Jamie Banzet is no stranger to the court system.
In 2003, at the age of 19, she was charged with three felonies and a misdemeanor charge of possession of marijuana.
Today, she’s a ward of the state. She’s serving real time in Jess Dunn Correctional Center in Taft.
Her parents, Larry and Carla Banzet, are hoping an upcoming Friday date in Judge Dwayne Steidley’s courtroom will give Jamie another chance at freedom — another chance to right her life.
But, the price for this last ditch opportunity for Jamie has been high — not only for her, but for her family.
Larry Banzet believes he lost his job at a local tire shop because of his outspoken criticism of the system that now holds his daughter. He also believes his family will spend as much as $30,000 in court costs and attorney’s fees in what he has labeled his pursuit of “Justice 4 Jamie”
He believes it’s just the way the court system works in Rogers County — right or wrong.
In fact, the family’s comments following last Friday’s appearance before Judge Steidley were limited. Limited by the advice of attorney Bill Higgins regarding the proceedings of the case. Larry said attorney Higgins (who he hired to represent Jamie) has also warned him not to take part in a second “We the People” march Thursday at the Courthouse in which protesters are expected to continue their call for a county grand jury pursuing cases like Jamie’s.
The march (the second one in four months) is headed by self-proclaimed justice activist Stephen Hager. The Banzets said Friday that Hager does not speak for them. Hager agrees, but has not removed the Banzet case from his long list of what he calls “oversights” by Rogers County government.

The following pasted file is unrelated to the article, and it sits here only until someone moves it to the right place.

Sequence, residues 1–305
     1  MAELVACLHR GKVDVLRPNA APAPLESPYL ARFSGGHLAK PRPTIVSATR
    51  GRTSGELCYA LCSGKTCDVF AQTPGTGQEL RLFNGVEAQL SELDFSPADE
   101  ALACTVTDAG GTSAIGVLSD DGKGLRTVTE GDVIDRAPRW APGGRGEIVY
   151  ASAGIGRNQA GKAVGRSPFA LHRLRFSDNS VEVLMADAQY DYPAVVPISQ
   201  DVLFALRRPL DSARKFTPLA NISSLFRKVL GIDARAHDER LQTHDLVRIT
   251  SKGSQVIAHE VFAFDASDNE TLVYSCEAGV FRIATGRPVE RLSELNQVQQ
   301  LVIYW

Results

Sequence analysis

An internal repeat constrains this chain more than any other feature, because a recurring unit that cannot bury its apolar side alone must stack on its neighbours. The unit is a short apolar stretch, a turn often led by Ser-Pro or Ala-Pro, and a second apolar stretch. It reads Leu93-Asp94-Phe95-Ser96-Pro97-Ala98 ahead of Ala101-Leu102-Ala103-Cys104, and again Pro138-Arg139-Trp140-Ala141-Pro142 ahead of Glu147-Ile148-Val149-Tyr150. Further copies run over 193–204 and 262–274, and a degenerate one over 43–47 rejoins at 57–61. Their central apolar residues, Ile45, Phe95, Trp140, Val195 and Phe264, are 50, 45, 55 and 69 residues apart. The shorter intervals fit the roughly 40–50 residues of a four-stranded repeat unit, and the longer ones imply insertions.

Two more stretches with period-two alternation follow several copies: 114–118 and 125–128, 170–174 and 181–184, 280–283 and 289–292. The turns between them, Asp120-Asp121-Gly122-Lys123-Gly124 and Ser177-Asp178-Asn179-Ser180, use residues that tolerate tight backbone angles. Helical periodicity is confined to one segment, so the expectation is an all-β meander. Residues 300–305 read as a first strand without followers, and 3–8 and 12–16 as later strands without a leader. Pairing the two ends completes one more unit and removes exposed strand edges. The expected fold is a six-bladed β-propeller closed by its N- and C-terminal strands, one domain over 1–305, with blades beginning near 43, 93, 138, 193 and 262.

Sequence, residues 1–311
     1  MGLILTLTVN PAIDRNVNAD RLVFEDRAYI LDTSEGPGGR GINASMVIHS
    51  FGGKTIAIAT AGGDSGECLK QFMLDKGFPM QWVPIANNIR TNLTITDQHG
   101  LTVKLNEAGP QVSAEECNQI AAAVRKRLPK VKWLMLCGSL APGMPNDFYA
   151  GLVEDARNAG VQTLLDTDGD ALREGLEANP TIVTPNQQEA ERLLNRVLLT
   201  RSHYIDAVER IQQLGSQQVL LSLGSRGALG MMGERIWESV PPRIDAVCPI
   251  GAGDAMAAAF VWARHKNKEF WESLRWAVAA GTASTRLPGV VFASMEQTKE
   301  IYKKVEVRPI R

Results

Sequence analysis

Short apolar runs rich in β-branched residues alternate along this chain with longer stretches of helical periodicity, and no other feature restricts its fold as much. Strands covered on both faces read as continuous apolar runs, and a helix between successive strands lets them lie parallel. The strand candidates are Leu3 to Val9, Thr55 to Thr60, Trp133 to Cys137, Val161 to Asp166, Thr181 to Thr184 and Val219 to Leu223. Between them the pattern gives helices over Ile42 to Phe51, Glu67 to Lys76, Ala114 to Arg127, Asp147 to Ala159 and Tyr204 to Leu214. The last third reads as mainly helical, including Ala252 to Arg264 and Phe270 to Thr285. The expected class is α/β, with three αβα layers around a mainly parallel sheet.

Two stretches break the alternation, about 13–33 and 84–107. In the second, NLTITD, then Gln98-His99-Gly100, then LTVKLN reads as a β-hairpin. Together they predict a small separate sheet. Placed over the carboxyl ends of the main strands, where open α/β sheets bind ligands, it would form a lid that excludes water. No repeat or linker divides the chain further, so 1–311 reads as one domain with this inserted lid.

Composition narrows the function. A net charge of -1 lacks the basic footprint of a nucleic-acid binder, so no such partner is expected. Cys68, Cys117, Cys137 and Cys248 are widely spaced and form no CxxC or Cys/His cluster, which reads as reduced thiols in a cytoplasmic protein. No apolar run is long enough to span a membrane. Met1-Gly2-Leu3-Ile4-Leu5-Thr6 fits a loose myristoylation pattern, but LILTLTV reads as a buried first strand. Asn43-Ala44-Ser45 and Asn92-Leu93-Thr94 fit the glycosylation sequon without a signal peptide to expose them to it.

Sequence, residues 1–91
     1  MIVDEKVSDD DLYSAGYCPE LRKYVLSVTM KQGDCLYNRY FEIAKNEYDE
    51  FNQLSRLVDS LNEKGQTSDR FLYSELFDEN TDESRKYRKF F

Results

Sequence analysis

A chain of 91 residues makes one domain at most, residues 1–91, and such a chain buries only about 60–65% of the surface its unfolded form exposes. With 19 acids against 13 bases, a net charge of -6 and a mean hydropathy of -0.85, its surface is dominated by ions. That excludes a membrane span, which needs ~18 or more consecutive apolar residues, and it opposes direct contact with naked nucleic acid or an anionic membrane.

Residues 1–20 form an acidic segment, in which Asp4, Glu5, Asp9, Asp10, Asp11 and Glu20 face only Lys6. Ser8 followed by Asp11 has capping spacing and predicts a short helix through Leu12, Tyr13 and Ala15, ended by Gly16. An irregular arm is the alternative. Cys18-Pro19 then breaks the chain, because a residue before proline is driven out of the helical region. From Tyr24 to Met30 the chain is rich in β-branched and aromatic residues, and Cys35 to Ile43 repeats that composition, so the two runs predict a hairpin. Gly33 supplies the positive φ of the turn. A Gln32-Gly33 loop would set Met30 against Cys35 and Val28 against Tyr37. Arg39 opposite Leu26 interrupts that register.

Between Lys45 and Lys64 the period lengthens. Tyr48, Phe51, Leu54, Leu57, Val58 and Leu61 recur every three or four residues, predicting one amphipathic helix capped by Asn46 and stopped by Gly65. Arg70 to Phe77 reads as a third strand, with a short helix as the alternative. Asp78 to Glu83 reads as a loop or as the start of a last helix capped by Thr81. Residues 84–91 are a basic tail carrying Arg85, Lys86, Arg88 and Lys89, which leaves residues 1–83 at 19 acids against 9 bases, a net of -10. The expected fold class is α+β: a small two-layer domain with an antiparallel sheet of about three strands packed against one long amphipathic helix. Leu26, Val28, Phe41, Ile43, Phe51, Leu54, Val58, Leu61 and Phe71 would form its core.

At last Friday’s hearing, Jamie’s mother Carla, was seen asking Hager to leave them alone, saying, “stay out of it.” She stated he has nothing to do with Jamie’s case and that all information concerning Jamie should be taken from the family.
The road that led the now 22-year-old, Jamie, to state lock-up began in 2003 when she was arrested beginning in June with her last arrest in December 2003.
Her first offense was a misdemeanor charge of obtaining merchandise by bogus check. Two other misdemeanor cases — unlawful possession of marijuana, and driving under the influence and possession of marijuana — followed with each resulting in deferred sentences handed down in 2004 requiring Jamie to serve probation. As a condition of probation, Jamie was to remain successful in Drug Court, which she was accepted into in May 2004.
However, Jamie was arrested and charged in three felony cases during 2003 as well. The charges: Burglary of a safe, second degree forgery and four counts of uttering a forged instrument. Because she was at such a young age, then 20, she was placed in the Delayed Sentencing Program for Young Adults. As part of the sentencing program, Jamie was to spend 120 days in Regimented Inmate Discipline (RID) beginning in January 2004. Her formal sentencing date, based on her guilty plea she made in all there felony cases, was scheduled for April 2004.
Her successful completion of RID could have resulted in an opportunity to walk out of the court system without a felony record.
But that’s not what happen.
Instead, her then attorney asked for admittance to Drug Court and through a series of events involving her Drug Court sentence, she found herself sitting in Judge Erin O’Quin courtroom protesting a Drug Court sanction in September 2006. The result landed her in DOC custody. Not exactly what she expected. Not what her parents expected.